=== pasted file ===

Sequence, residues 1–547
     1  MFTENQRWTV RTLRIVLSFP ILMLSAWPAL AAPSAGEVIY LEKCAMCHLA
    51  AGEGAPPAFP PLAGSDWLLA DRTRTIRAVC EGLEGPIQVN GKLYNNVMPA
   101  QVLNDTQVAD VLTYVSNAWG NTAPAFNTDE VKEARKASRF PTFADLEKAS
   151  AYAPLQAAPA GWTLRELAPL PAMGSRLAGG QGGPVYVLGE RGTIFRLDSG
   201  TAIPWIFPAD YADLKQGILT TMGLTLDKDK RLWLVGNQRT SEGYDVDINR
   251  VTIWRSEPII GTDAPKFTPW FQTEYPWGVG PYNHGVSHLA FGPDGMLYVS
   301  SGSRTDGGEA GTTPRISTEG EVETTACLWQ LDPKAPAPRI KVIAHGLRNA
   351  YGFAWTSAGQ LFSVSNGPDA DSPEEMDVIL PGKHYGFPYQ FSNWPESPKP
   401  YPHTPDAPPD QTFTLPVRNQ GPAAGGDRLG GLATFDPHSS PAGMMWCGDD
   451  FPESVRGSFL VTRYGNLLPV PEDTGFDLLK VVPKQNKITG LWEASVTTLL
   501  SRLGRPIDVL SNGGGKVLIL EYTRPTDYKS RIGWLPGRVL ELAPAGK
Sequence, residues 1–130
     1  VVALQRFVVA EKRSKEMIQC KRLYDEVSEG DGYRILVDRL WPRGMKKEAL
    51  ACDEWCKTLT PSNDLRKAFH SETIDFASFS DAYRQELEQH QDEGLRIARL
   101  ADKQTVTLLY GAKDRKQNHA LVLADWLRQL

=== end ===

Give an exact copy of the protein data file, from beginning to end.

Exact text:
Sequence, residues 1–547
     1  MFTENQRWTV RTLRIVLSFP ILMLSAWPAL AAPSAGEVIY LEKCAMCHLA
    51  AGEGAPPAFP PLAGSDWLLA DRTRTIRAVC EGLEGPIQVN GKLYNNVMPA
   101  QVLNDTQVAD VLTYVSNAWG NTAPAFNTDE VKEARKASRF PTFADLEKAS
   151  AYAPLQAAPA GWTLRELAPL PAMGSRLAGG QGGPVYVLGE RGTIFRLDSG
   201  TAIPWIFPAD YADLKQGILT TMGLTLDKDK RLWLVGNQRT SEGYDVDINR
   251  VTIWRSEPII GTDAPKFTPW FQTEYPWGVG PYNHGVSHLA FGPDGMLYVS
   301  SGSRTDGGEA GTTPRISTEG EVETTACLWQ LDPKAPAPRI KVIAHGLRNA
   351  YGFAWTSAGQ LFSVSNGPDA DSPEEMDVIL PGKHYGFPYQ FSNWPESPKP
   401  YPHTPDAPPD QTFTLPVRNQ GPAAGGDRLG GLATFDPHSS PAGMMWCGDD
   451  FPESVRGSFL VTRYGNLLPV PEDTGFDLLK VVPKQNKITG LWEASVTTLL
   501  SRLGRPIDVL SNGGGKVLIL EYTRPTDYKS RIGWLPGRVL ELAPAGK
Sequence, residues 1–130
     1  VVALQRFVVA EKRSKEMIQC KRLYDEVSEG DGYRILVDRL WPRGMKKEAL
    51  ACDEWCKTLT PSNDLRKAFH SETIDFASFS DAYRQELEQH QDEGLRIARL
   101  ADKQTVTLLY GAKDRKQNHA LVLADWLRQL